As she left her professional playing career behind to move into the professional world, former U.S. Women’s National Team member Angela Hucles found more and more often the lessons she had learned on the soccer field applied to her new profession in commercial real estate.

The realization inspired a breakthrough for the two-time Olympic gold medalist, who had long been looking for a project that would allow her to give back, and inspire, a future generation of athletes.

“After a couple of years I realized I was being pulled back to my true passion, which was within sports,” Hucles said by phone recently. “Because of my past, and how much sports had influenced my life, and really shaped the person that I am, it led me to start thinking about this concept of how sports really influences and impacts the individual, and all the lessons that we can take with us. Not just to apply on the athletics fields, or the court or the pool, but really to take with us and apply it in our daily lives and daily practices.”

The seeds for the Empowerment Through Sport Leadership Series were sown. Now set for its next event in Los Angeles next month, the first coming in Boston earlier this year, Hucles is hoping the collaboration between athletes, parents and coaches will empower young women throughout all sports to make positive decisions and become leaders in their local communities.

At the same time, Hucles hopes everyone in attendance can take information away from the events, with parents and coaches being integral to reinforcing the lessons that can be learned at the conferences.

“We’d like to engage the girls, but also engage the parents and the coaches, because it’s really two conferences within one,” Hucles said. “The girls will be separate from their parents and coaches, and they really have the opportunity to ask questions, feel safe in doing so among their peers, but the parents and coaches have a lot of questions on best practices to share as well, so we really want to build these different bases on the east and west coast to spread this message of how girls can use sports to empower themselves.”

While the ETS series is aimed at all athletes, there is a strong soccer thread that runs through the conferences thanks to Hucles’ background in the game. Former U.S. National Team player Heather Mitts spoke at the inaugural event in Boston, while current national team star Abby Wambach also addressed the attendees by videoconference. ETS has also formed a partnership with the W-League, which Hucles played in for both her hometown Virginia Beach Piranhas and the Boston Renegades.

“It has been tremendously thrilling for the W-League to be involved in this,” Hucles said. “I remember meeting with Amanda Duffy early on, and just really starting to talk about it, and she immediately was on board. It wasn’t even a matter of convincing, it was just a matter of sharing, and for the W-League to put this fully on and support us in this way, it means a lot on a personal level. I played on two different W-League teams in my career, so starting off to have that environment when there wasn’t a professional league, the W-League was there, and having it be such a long-standing league of that caliber has been crucial in the development of women’s soccer.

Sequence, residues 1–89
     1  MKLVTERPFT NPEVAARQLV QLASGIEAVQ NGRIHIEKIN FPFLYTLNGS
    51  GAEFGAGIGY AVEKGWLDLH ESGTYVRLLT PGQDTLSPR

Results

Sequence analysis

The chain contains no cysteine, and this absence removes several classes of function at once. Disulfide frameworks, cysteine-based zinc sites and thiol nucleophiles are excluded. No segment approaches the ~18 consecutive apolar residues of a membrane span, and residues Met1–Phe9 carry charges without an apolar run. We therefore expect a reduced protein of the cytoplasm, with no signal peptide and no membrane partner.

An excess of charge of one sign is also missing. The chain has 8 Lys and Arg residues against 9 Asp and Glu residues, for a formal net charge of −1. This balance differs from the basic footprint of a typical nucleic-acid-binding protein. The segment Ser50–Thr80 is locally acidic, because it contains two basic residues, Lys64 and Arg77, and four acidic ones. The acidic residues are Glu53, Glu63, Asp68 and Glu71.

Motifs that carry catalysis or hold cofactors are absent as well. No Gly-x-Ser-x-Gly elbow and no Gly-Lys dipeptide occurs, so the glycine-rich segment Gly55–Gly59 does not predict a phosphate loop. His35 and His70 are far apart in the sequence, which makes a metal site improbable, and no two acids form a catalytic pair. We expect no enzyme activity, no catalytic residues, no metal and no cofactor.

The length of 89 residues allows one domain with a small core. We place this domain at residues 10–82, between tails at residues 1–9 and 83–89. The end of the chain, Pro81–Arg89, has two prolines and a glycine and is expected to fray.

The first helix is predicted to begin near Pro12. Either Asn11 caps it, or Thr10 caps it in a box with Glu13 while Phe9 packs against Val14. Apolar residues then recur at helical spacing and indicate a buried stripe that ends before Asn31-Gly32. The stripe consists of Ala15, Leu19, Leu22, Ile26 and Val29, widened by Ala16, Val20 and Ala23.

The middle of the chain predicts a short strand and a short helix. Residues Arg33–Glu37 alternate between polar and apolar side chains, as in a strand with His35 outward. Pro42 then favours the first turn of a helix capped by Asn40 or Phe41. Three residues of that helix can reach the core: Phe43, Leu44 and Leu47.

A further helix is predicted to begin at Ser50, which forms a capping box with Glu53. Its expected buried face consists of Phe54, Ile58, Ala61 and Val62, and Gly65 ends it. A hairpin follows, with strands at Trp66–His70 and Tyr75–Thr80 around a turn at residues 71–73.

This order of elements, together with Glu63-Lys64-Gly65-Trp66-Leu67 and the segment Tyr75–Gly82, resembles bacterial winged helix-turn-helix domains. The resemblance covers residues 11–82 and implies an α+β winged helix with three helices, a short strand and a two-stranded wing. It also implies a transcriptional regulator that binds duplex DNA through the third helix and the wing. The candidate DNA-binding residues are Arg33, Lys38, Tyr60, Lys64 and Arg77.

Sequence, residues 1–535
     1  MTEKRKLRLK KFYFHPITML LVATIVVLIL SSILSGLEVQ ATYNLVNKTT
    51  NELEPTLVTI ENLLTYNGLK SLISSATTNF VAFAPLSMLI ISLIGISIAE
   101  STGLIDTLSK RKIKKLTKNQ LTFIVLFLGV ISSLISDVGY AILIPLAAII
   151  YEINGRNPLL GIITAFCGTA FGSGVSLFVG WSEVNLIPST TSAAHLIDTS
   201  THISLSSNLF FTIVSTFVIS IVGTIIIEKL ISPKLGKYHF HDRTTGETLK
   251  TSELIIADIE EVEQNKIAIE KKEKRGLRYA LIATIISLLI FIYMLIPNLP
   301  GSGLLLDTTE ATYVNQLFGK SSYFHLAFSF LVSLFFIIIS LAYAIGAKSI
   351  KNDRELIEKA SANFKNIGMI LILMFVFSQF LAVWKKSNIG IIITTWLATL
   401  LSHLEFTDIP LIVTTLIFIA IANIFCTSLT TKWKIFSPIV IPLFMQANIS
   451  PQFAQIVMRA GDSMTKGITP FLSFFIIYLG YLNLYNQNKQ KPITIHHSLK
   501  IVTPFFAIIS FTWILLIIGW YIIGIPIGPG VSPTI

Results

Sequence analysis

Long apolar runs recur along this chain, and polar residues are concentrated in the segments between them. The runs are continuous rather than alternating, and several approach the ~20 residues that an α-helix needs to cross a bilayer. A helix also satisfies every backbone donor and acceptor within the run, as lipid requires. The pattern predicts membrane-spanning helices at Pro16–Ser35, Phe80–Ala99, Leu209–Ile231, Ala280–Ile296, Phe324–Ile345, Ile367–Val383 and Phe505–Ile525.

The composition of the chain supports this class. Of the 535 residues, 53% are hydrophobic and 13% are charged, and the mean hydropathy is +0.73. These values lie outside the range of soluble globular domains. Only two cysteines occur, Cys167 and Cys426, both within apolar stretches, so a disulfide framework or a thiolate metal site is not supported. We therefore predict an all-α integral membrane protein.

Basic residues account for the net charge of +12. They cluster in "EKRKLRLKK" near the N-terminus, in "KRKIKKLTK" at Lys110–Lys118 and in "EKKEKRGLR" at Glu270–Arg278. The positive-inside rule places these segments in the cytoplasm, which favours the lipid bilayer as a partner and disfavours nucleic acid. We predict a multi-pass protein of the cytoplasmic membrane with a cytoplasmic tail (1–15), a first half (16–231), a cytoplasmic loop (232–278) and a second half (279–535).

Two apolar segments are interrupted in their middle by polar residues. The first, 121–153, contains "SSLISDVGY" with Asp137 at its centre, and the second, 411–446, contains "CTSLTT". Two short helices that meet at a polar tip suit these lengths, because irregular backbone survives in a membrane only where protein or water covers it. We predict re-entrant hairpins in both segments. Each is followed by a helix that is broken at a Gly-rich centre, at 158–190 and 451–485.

“To have personally been involved in the W-League … to be able to partner up together and continue the messages that we’re trying to promote in the Empowerment Through Sports Leadership Series has really been outstanding. They have been an incredible support, and for me it’s just very personally gratifying as well.”

Hucles was again part of the W-League this past summer, acting as an assistant coach to Charlie Naimo for the 2013 champion Pali Blues. Having been a player-coach in the past, Hucles had some experience in helping pass on what she had learned in the sport, but found being strictly on the sidelines to be a very different, and interesting, experience.

“I think now with my playing behind me, and having the perspective of being a coach, it really did give me a whole new level of insight into how to relate to an individual,” she said. “Coaching styles are going to be different, but every person is different, so to be an excellent coach, you really have to tap into, ‘how can I reach this individual person?’, not, ‘how do I reach this player?’, and relate to them on a certain level where they feel supported and heard and understood, allowing them the opportunity to be creative and to grow. I think when you allow that to happen, that’s when the player will really develop and flourish.”

Opening up a young player’s eyes to the opportunities that await them, and giving them the opportunity to develop and flourish off the field, is Hucles’ goal with ETS. If her new endeavor mirrors the success she had as a player, the impact could be felt for years to come.

“The more girls and parents and coaches we can impact and share these messages, I feel the better the sports arena will grow, for girls especially, but we can [also] help guide women and young girls into the leadership positions that are waiting out there for them,” Hucles said. “For me it’s been very interesting and powerful to see that everybody has a story. It doesn’t matter if you’re a professional athlete, it doesn’t matter if you’re a 10-year-old girl or boy, everybody still has a story that they can share, and that’s powerful.”

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